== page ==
I rarely use emoticons because they seem to me to be Twitter’s version of a laugh track. But were I to use an emoticon to express laughter or happiness in my Jewish oriented tweets, it would look something like this:

: תי

For the Hebraically challenged, that is a colon followed by the Hebrew letters taf and yud. When pronounced together, you get “tie”, oh and then “colon.” Not sure what “tie-colon” means in Hebrew, but probably something .

And if you use our little friend “tie-colon,” you’ll be on your way to attracting all the Members of the Tribe on Twitter you’d ever want to meet. You’ll be a modern day Moses in no time.

September 17, 2011

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Visitor Comments: 4

(2) Aunt Jemimah, September 26, 2011 3:10 AM

And risk becoming a twit?

Perry, you crack me up. With my luck, I'd probably be more of a modern day messes than Moses. I actually just bought a huge brisket for Yom Tov. I'm not sure what I'm going to do with it yet, but it should feed people for days. I'm not sure how many people in my family will like it though, it's not something we're used to. I also want it to stay moist, a dry brisket stinks. As far as twittering, at the risk of sounding like a twit, as an aunt of 30 plus nieces and nephews, B"H, in addition to my own kids, by the time I get around to everyone, I wouldn't be able to get any other work done. I'd become a real Yente. Seriously though, people put way too much personal info online and their is a danger of identity theft. It's not good to expose too much about yourself on those types of media. The consequences could be brutal. Then I'd have to tie one on! All the Best and a happy and healthy New Year.

Perry Block, September 27, 2011 2:55 AM

And risk becoming a twit?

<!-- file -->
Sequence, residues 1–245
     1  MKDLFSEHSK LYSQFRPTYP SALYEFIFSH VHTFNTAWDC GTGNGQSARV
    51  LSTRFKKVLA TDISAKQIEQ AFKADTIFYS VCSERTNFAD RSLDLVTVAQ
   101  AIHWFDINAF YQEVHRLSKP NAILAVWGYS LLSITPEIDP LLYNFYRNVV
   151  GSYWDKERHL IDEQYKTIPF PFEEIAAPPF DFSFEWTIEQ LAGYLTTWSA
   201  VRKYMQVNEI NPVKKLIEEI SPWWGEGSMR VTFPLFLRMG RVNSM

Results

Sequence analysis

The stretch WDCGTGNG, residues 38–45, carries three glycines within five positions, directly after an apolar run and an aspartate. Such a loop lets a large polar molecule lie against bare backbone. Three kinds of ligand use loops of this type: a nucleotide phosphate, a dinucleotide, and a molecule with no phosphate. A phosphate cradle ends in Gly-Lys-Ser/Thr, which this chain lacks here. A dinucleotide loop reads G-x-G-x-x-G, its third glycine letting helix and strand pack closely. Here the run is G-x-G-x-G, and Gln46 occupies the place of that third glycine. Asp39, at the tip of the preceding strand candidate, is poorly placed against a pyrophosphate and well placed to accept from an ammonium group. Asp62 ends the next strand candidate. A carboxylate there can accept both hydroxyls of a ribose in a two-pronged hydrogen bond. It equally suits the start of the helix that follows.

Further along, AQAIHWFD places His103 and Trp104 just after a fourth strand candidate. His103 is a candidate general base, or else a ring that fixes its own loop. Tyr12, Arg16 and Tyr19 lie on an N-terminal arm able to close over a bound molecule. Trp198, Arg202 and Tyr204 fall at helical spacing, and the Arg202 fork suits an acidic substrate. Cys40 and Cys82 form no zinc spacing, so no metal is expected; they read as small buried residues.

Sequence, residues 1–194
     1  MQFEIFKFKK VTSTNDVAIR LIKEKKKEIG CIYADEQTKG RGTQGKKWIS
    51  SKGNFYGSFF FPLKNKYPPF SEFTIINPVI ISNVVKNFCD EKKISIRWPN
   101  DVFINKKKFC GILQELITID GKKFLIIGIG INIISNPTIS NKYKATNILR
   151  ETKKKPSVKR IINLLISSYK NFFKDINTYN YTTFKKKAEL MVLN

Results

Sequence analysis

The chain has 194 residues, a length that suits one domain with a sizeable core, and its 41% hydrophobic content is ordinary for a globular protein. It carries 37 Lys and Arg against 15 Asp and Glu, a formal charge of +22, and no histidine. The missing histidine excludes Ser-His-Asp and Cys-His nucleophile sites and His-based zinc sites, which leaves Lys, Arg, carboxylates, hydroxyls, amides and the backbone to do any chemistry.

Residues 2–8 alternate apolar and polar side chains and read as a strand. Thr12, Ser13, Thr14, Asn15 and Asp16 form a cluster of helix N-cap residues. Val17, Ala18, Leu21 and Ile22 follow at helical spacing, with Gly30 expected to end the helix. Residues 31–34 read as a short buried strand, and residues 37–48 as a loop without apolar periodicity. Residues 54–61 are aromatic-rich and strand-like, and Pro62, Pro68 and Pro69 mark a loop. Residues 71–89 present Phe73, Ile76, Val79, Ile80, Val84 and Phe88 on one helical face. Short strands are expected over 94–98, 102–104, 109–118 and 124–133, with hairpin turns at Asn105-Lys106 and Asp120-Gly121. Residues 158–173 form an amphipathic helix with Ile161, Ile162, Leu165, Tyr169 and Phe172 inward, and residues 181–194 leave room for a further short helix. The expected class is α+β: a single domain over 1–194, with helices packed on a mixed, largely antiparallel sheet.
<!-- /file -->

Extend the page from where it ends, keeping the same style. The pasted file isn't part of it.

Thanks for your comment, Aunt Jem ... what!? Okay, got past the name. Actually I agree with your comment about the time-consuming nature of tweeting. Obviously writers promoting their work spend a lot of time on Twitter doing just that. But if you're a regular Joe (or Jemima), and you are promoting nothing more than an advanced case of carpel tunnel syndrome and haven't left the house in three years for the tweeting, well, I'd look into it. I also agree that people tend to put too much personal information on line. I make it a point NEVER TO TWEET PERSONAL INFORMATION other than my social security number, because for some reason people seem to think it's funny. Thanks again for your comments and have a wonderful New Year!

(1) Gregory Landenburg, September 21, 2011 5:29 PM

Jews on Twitter

The piece was an excellent, tongue-in-cheek comment on today's "social" media. Seriously, we Jews do need to connect. As for myself, I'm disabled and can't get to Temple, so these mediums are meaningful in connecting with people of a like-mind. Thanks for you and AISH!

Perry Block, September 23, 2011 2:48 AM

Jews on Twitter

Thank you for your comment, Gregory. I agree that despite their excesses and possible abuse, social networks like Twitter provide the incredible opportunity for people of like and diverse interests to connect with others throughout the world they could never possibly have met before and share a bit of themselves. And IMHO (in my Hebrew opinion), that's a good thing!